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Missing Lowville dog is rescued


LOWVILLE — It had all the makings of a family-friendly Disney movie: a lost three-legged dog, a group of teens setting off on a mission down a railroad track, an abandoned building, a police call, a frantic action scene and, finally, a heart-warming ending.

But these events aren’t fiction.

It started the morning of Feb. 15, when Milo, an 8-year-old, three-legged Labrador retriever/Akita mix, scooted away from his owners on Trinity Avenue before his leash was attached.

Milo is quite mobile despite losing a leg when he was hit by a car as a puppy, though he also has a seizure disorder. He had taken off before, so his family wasn’t immediately worried.

“Usually, he’d come back within 30 minutes or maybe an hour,” said owner Christy Corbett. “He’d be covered in burdocks.”

This time, however, Milo didn’t return.

At the three-hour mark, Mrs. Corbett said, she began to get worried. By the time six hours had passed, she took to the Internet, posting Milo’s photo on her Facebook page. The link was shared by hundreds of people through the Lewis County Humane Society and Journal and Republican Facebook pages.

“After I put that up, strangers sent me messages,” Mrs. Corbett said. “They said they walked Trinity after work and would keep their eyes open. The Humane Society was really helpful, too.”

But Milo was nowhere to be found.

The Corbetts continued to look for him. Because they recently had moved to Trinity Avenue from River Street a few blocks away, they left blankets outside their old home and asked neighbors to be on the lookout.

No one saw any sign of him.

After several days passed, “I really did lose hope,” Mrs. Corbett said. “I was pretty sure we would never see him again.”

The family thought Milo had gone somewhere to die.

He wasn’t dead, though likely close to death, when 11 days later a group of teens took action after hearing a barking dog.

Lowville Academy and Central School sophomores Taylor M. Giver, Andrew Hardy and Devrin M. Hannan, along with Carthage Augustinian Academy eighth-grader Daria E. Mahan, finished their teen group meeting at Lowville Free Library and left to meet up with Lowville Academy freshman Brandon E. Munger.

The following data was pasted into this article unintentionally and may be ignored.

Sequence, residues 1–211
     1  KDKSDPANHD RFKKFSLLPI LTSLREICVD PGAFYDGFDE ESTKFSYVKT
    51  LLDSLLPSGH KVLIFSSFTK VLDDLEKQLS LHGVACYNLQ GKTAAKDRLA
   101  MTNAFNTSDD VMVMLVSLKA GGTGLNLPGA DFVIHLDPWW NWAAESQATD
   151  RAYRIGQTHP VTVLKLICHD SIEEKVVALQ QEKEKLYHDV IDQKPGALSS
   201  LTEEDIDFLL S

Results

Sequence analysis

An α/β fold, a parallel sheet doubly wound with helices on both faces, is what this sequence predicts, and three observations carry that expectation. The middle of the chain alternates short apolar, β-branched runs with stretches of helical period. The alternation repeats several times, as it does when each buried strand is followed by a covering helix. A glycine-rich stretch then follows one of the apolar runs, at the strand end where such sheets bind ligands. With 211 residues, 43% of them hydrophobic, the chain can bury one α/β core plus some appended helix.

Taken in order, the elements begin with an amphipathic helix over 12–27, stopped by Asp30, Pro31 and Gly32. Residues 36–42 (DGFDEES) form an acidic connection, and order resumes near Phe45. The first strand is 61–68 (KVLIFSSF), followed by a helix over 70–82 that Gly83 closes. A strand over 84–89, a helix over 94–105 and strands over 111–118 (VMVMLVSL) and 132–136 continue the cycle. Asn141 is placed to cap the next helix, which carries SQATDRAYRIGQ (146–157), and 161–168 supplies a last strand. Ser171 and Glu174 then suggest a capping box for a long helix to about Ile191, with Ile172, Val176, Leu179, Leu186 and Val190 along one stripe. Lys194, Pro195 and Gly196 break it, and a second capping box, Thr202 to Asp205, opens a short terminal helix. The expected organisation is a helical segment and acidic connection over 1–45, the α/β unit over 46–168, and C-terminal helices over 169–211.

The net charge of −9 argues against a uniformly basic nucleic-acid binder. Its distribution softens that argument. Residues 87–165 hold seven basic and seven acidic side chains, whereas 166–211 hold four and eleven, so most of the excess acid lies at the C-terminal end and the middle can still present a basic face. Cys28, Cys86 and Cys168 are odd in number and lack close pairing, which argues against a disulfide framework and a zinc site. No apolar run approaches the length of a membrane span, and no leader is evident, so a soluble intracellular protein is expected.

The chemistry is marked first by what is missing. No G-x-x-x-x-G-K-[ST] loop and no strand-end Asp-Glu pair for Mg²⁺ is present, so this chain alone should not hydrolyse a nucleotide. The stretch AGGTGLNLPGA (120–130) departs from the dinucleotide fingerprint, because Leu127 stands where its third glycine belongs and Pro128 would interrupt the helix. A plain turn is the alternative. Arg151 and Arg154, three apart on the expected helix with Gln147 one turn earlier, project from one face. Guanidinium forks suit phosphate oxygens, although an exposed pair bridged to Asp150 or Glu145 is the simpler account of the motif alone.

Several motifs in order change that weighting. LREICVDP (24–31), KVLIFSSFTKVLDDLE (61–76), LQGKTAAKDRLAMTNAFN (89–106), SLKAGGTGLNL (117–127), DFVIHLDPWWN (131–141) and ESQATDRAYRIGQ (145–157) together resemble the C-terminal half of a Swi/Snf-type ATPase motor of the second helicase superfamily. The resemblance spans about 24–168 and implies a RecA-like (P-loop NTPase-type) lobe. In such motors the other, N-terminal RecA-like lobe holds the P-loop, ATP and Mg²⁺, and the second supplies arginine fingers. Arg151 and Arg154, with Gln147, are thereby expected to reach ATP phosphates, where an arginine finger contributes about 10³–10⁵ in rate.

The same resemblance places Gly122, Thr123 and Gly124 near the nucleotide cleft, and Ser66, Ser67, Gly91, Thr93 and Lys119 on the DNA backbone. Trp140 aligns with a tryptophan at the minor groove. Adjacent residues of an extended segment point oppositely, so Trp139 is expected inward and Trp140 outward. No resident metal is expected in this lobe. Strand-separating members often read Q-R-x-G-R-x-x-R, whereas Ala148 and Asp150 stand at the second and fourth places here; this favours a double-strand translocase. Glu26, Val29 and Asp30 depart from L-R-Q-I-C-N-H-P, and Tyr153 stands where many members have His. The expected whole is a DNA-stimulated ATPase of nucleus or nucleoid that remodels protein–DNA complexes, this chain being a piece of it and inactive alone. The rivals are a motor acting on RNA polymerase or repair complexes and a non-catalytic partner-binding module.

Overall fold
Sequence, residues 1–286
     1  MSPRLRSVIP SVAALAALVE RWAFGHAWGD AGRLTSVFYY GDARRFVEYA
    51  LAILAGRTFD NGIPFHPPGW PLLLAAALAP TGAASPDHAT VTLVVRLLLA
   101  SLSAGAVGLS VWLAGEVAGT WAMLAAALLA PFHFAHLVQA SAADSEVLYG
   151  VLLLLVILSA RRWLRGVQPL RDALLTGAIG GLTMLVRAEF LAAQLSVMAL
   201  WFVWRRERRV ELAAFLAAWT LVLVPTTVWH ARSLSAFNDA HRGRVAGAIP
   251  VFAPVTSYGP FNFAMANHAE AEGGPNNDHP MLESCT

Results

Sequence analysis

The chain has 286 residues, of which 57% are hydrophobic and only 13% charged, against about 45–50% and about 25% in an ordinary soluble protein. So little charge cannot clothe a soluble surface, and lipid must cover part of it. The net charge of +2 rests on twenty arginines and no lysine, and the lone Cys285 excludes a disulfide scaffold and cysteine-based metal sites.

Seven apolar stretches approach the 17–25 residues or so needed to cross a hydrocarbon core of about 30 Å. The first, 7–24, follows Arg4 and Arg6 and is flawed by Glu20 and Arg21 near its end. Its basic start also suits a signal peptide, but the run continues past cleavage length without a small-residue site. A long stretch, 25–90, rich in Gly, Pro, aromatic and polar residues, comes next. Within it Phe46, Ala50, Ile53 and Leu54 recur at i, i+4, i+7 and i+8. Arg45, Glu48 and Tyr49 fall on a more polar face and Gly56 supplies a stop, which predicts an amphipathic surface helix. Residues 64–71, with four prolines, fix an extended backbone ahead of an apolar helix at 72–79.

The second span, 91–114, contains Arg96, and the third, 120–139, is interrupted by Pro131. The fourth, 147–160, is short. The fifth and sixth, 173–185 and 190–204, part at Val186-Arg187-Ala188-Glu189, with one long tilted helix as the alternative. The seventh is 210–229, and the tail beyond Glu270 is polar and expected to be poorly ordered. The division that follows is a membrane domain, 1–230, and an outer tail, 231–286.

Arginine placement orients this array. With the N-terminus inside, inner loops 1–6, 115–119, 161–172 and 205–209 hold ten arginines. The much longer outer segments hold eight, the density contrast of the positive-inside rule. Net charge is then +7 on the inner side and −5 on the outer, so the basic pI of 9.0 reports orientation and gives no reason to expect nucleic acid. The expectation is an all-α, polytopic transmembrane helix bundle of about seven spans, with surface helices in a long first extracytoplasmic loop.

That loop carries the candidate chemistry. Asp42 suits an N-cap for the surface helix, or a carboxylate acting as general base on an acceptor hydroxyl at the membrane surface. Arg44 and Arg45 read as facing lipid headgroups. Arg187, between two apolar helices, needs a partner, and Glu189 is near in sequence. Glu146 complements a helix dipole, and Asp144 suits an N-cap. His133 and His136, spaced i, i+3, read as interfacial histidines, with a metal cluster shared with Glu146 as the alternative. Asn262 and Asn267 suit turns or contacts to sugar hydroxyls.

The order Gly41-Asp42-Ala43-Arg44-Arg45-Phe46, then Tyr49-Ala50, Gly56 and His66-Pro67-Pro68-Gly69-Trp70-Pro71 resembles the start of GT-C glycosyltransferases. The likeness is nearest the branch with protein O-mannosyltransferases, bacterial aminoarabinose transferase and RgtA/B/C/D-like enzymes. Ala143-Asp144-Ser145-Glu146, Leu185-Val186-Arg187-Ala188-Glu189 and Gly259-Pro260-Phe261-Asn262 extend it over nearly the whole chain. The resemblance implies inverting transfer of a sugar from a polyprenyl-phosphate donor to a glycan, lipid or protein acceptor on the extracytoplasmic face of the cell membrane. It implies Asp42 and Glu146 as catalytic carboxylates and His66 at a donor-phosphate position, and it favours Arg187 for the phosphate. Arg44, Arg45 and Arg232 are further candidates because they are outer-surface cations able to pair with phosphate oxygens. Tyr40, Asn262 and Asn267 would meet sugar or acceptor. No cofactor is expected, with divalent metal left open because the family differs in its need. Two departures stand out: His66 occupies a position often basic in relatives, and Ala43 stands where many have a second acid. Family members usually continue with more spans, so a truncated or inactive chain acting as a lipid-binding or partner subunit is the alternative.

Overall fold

They had some time to kill before some of them were expected at play rehearsal at the high school and would be taking what Devrin called “a common shortcut” along the railroad tracks between Trinity and Shady avenues.

“We’d been hearing a dog bark for a few days,” Andrew said.

“We decided to mount an expedition to find where it was coming from,” Devrin said. The five set out on the well-worn, snow-covered path along the tracks.

“We had a general idea where the dog was barking, so we began prodding around,” Devrin said.

The barking led them to a large building with train tracks running underneath its double doors. One of the doors had been pried open, and the students entered the structure.

Inside, the tracks ran over a cement floor littered with scraps of wood, empty plastic jugs, broken glass and other bits of debris.

The smell of skunk hung heavily in the air.

On the rails sat a rusting train engine. Its colorful paint was peeling, but still visible on its flank were the words “Lowville and Beaver River 1950.”

Though the space was well-lit by sunlight streaming in through large windows, a mechanic’s pit beneath the engine was hidden in shadow.

“It took us a while to realize the barking was coming from underneath the train,” Brandon said.

A small opening between the train wheels offered the teens a peek into a deep, cement-lined cavity. Inside, Milo sat staring up at them.

The teens contacted the Lewis County Sheriff’s Department, which sent out a call for an officer to respond.

Lowville police Sgt. Randy L. Roggie was the first on the scene, and a dog control officer was en route 20 minutes behind him.

Mrs. Corbett’s mother heard the call come over the police scanner.

“She called me right away,” Mrs. Corbett said. “She heard on the scanner ‘a dog is trapped in a building on Trinity.’ I took off running.”

By this time, the teens also were on Trinity Avenue, talking to Sgt. Roggie, and traffic was slowing down to stare.

“I looked up and saw two joggers coming our way. I wondered if they were going to slow down and stare, too,” Devrin said.

But the “joggers” were Mrs. Corbett and her husband, Shawn, racing to see if the trapped dog was Milo.

Out of breath, Mrs. Corbett said, she asked the group if the dog had three legs. She was sure it was Milo.

Together, Sgt. Roggie, the teens and the Corbetts returned to the building.

Mrs. Corbett recalled hearing Milo’s bark. “I knew it was him before I saw him. I know his bark,” she said. She started to cry.

They used a cellphone flashlight to see Milo in the pit. He was panting, skinny and filthy and smelled of skunk, but his tail was wagging.

Andrew and Mr. Corbett dropped into the hole to get Milo out.

No one is sure how long Milo was trapped during the 11 days he was missing. He’d been in the pit, apparently with no food or water, for enough time to cause a 30-pound weight loss.

He was weak and had difficulty walking. The pads on his paws and his nails were worn down from digging at the cement walls. The site of his front leg amputation was raw and open.

A trip to the vet revealed some muscle deterioration, but offered a better report than expected. Milo had no frostbite despite temperatures being below zero on several nights that he was gone.

Milo has been sleeping a lot since his return home and regained several pounds within the first few days.

He also had a trip to the groomer. His fur is clean and white again, and the skunk smell is gone.

The Corbetts and their six children are thankful the teens took the initiative to find the barking dog.

“They didn’t have to do that, but they did. They saved his life,” Mrs. Corbett said.

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